5.8 Even with this degree of support, it is unclear whether Project ARBRE can continue to cover its full commercial cost. With improvements in processing technology and economies of size, substantial reductions in costs are likely (Biogen Q 179, Shell Q 233), but the extent to which the very substantial gap between the full cost of this form of renewable energy and that of energy derived from fossil fuels can be bridged is uncertain. In his pre-Budget statement on 9 November, the Chancellor of the Exchequer announced that renewable energy sources will be exempt from the Government's proposed Climate Change Levy, a new tax on energy designed to reduce emissions of greenhouse gases.[18] This will enhance the viability of non-fossil fuels for electricity generation; but biomass may still fail to be competitive within this category.

5.9 Assumptions about the costs of production and yields of SRC, the prices paid, and the margins on competing farm enterprises, are critical to the analysis. A study by MAFF[19], which assumed that farmers would receive payments of £40/odt, concluded that a total subsidy to growers (including area payments) of £410m would be required over the period 1998-2024 (equivalent to a net present value (NPV) of £155m if discounted at 8 per cent) to support a total area reaching 125,000 ha in 2004. When, as part of a sensitivity analysis, a price of £30/odt was taken, the total subsidy required over the period rose to £520m (equivalent to a NPV of approximately £190m at 8 per cent)[20]. A price of £20/odt would raise the cost of support by a further £110m.

5.10 An area of SRC of 125,000 ha would be sufficient to provide some 750 MW of electricity, which is about a quarter of the energy needed to increase the proportion from renewable sources from 5 per cent to 10 per cent. This would require 20-25 of the next generation of power plants (30-40 MW each).


5.11 Under European Union policies, the area payment on flax and hemp is designed to enable these crops to compete with fibres available on world markets. The cost of these measures is high; in 1997, European Union support for the 21,000 ha of flax and hemp in the United Kingdom was over £12m (MAFF p188) and represented over 70 per cent of the total value of the output.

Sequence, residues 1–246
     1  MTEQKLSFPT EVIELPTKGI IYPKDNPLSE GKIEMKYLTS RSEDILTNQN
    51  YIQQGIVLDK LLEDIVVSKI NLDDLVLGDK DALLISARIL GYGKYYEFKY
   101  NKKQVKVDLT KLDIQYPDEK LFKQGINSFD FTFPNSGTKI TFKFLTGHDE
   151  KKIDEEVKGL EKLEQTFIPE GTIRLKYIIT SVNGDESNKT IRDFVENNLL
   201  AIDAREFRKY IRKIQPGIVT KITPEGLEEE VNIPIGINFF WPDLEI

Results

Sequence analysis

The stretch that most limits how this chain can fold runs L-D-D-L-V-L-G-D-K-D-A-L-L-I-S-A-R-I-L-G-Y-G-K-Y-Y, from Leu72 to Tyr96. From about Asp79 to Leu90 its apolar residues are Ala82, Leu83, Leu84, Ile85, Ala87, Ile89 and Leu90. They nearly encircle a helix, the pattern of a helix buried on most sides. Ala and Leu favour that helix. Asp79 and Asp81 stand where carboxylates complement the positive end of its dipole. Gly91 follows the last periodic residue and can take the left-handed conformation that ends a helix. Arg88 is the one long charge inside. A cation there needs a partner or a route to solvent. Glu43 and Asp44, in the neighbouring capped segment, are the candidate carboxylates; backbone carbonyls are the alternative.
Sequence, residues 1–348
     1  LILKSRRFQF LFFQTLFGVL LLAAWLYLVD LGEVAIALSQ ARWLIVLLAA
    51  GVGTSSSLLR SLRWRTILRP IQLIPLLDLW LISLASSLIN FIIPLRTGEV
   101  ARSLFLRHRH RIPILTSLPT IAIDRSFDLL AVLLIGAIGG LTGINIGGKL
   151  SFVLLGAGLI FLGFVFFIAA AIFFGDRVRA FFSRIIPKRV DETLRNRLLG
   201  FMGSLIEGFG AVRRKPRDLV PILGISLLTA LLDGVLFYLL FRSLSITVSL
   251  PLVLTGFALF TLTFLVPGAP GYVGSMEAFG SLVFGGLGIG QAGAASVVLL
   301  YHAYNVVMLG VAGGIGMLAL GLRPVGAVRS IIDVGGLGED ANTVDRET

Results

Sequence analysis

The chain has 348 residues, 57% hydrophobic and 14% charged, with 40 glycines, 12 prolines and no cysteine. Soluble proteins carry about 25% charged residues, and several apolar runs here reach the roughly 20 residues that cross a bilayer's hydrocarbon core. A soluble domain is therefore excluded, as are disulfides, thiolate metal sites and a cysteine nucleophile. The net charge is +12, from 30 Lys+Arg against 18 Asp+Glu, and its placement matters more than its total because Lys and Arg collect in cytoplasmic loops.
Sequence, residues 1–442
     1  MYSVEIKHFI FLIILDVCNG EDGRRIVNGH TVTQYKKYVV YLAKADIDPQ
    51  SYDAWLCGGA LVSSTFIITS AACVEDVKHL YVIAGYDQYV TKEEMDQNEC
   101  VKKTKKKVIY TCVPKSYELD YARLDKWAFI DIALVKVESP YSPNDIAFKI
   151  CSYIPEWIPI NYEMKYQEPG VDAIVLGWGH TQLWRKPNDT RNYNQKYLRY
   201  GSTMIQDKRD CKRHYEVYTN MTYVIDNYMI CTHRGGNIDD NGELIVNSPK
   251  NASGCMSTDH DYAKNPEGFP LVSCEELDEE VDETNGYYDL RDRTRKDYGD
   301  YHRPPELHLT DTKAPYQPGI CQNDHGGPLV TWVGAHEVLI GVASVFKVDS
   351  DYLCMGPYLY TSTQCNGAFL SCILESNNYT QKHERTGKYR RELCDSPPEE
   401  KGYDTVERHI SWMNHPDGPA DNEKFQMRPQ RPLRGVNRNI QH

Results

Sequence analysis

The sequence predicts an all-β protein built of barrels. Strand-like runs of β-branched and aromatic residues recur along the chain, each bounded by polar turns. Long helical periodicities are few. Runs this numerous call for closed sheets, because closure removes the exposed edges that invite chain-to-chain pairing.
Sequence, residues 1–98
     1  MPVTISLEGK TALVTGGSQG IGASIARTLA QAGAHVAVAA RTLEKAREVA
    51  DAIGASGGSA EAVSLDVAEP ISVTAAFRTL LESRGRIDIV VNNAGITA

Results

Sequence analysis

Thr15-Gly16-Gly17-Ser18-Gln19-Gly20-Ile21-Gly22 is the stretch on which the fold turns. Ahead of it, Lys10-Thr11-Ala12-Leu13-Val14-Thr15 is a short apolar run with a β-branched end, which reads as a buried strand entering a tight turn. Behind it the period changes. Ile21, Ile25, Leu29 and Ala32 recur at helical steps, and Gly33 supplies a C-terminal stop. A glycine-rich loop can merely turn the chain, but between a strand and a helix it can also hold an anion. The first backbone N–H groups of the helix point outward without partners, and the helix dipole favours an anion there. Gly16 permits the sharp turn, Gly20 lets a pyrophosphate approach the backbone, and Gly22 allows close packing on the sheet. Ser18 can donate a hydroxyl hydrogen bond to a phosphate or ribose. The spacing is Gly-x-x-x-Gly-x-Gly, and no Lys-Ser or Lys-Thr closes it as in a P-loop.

5.12 However, hemp and flax have received little attention from plant breeding programmes designed to increase fibre yields. Improved varieties, and more efficient processing techniques, may make the crops more competitive in the future. We received evidence of the potential of many new markets for hemp and flax products, and of the highly desirable performance characteristics of these materials (paragraphs 3.23-3.27). Nevertheless, proposals for changes to the EU regime[21] are expected which would reduce payments and could discriminate against the short fibre output that predominates in the United Kingdom. Such changes would inhibit the new technologies being introduced to meet new markets. The outcome would be margins that were insufficient to encourage the growing of fibre crops in the United Kingdom, and the existing area could decline. Reduced support and continuing uncertainty would also limit further investment in processing capacity. In the United Kingdom, there is an additional, specific disincentive for hemp in the form of a £300 licence fee which must be paid by each grower.


5.13 The current market for rapeseed for industrial use is small, which means that the crop is seldom grown without a processing contract. As long as set aside remains, and the crops which can be grown on set aside continue to be restricted, United Kingdom processors should be able to obtain adequate supplies of high erucic acid oil from domestic sources.

5.14 The situation may be rather different for linseed where the area payment will be halved by 2002. Unless margins for cereals and rapeseed fall substantially, the area of linseed grown in the United Kingdom is expected to decline sharply.

5.15 Overall, it is unlikely that there is significant scope for increasing the area of oilseeds grown for industrial purposes in the United Kingdom in the short or medium term and the existing area is vulnerable to policy changes which could, increasingly, put United Kingdom growers and processors at a competitive disadvantage. More importantly, the absence of a level playing field, or of any support for new crops, inhibits the growing of these crops by farmers and the development of new products.